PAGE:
Beauty Has No Size

The Impact of the Fashion Industry


Sophomore Brianna Howard looks at the pages of Elle magazine, which was recently “under the microscope for using an “unhealthily thin” model in an ad campaign,” according to a CNN report in June.

Tiffany Wilson , Staff Writer

With insecurities about size continuing to plague young women, some point to the fashion industry as a main contributor.

USA Today writer Linda Hellmich reported psychologists and eating-disorder experts claim “the fashion industry has gone too far in pushing a dangerously thin image that women, and even very young girls, may try to emulate.”

This has led to the term “model” having certain connotations for young women.

“[A model is] someone who has certain features…basically someone who can wear anything,” said freshman Kassie Kelemen.

Commonly, the word implies size.

Sophomores Serenity Anderson and Alivia Montgomery state the first thing that comes to mind for them is someone who is skinny, as society is conditioned to expect a “model” to be a thin women.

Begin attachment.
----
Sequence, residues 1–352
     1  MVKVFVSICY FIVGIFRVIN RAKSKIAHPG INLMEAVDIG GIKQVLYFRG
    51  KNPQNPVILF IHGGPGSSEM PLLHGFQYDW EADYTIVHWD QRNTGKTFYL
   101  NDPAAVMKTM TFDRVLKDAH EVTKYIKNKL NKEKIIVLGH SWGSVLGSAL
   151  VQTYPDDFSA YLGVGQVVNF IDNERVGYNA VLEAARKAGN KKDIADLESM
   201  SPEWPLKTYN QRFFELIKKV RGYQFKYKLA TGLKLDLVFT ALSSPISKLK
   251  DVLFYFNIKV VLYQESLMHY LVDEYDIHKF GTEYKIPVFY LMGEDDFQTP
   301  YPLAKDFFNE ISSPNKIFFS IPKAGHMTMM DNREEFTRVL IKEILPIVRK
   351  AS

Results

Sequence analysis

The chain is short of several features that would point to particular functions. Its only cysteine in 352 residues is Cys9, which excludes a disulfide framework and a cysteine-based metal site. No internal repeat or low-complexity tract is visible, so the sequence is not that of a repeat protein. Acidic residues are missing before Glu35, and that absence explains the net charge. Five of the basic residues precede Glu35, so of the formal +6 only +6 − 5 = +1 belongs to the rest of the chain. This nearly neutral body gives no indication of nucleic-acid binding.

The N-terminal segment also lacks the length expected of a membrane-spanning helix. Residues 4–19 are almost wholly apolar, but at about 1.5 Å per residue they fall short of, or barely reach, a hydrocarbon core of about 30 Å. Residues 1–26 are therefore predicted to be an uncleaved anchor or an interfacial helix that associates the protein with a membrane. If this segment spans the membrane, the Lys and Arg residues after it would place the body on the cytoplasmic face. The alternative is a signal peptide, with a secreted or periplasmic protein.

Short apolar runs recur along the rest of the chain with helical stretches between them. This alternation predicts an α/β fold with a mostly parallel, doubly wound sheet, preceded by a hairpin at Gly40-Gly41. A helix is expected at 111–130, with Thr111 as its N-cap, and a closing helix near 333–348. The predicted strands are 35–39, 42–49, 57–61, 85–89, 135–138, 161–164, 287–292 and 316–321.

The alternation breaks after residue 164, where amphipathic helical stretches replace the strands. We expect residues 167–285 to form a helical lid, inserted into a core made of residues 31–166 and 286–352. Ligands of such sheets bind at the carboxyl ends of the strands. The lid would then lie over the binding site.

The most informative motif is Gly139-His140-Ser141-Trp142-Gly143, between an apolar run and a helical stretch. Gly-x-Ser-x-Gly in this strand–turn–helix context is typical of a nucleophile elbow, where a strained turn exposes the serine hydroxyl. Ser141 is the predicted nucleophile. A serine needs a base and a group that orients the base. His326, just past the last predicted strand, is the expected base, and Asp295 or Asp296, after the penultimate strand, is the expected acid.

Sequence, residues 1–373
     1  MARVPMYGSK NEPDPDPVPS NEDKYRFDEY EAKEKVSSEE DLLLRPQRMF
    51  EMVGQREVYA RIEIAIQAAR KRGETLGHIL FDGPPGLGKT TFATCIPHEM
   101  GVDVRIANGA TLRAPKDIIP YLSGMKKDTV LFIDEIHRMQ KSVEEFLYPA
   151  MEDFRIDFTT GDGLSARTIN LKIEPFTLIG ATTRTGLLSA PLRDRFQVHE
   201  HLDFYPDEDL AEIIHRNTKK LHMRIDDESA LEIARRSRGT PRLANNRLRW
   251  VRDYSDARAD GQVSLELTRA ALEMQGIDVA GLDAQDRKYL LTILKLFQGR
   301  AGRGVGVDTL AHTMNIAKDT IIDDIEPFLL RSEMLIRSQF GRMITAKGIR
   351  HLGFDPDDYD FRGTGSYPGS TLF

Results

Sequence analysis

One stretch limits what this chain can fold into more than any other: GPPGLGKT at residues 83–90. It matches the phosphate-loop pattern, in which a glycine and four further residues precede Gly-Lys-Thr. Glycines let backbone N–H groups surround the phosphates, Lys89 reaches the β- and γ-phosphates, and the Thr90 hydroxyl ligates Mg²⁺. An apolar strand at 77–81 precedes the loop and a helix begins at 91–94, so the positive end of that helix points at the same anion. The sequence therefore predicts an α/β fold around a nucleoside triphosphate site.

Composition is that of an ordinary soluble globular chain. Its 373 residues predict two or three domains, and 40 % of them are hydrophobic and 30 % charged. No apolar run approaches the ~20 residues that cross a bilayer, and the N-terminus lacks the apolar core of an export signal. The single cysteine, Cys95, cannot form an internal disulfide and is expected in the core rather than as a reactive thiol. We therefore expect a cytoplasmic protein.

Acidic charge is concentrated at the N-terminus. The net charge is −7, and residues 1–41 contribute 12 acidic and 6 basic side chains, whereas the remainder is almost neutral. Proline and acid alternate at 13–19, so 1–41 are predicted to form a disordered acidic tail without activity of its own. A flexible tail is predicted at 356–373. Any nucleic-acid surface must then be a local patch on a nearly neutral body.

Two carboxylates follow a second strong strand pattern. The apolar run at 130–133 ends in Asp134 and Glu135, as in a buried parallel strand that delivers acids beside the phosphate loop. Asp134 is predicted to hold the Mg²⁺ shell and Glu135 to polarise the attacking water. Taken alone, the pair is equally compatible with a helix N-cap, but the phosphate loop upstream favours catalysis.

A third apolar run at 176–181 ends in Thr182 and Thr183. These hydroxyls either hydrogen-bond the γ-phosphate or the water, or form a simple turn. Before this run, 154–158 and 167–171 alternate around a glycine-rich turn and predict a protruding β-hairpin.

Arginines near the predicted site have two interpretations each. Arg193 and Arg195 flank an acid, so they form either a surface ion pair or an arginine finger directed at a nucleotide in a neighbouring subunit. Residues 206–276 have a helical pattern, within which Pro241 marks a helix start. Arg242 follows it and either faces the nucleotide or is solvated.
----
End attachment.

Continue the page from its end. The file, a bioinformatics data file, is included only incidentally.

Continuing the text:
“If a thicker-sized model were to be on the cover of Vogue magazine, it would cause a skinnier model to feel as if she’s doing something wrong,” said Kelemen.

According to an editorial in PLUS Model magazine, research revealed plus-size models averaged between size 12 and size 18 in the year 2000, while today most plus-size models are between size 6 and size 14. The magazine also reported more than half of the women in America are size 14 or larger. This leads to a significant discrepancy between models in the fashion industry and the average-sized woman. Because of this, some would like to see larger sizes represented in the modeling industry.

“They are used to fit girls on the cover, so once they see change, they’ll feel a certain type of way,” said Montgomery.

Some even feel that larger sizes are becoming more prevalent on the runway.

“[Plus-size modeling] is becoming more trending than before. I think it’s great,” said Kelemen.

Students agree that clothing size is not the only difference between regular-size models and plus-size models, it is the acceptance level.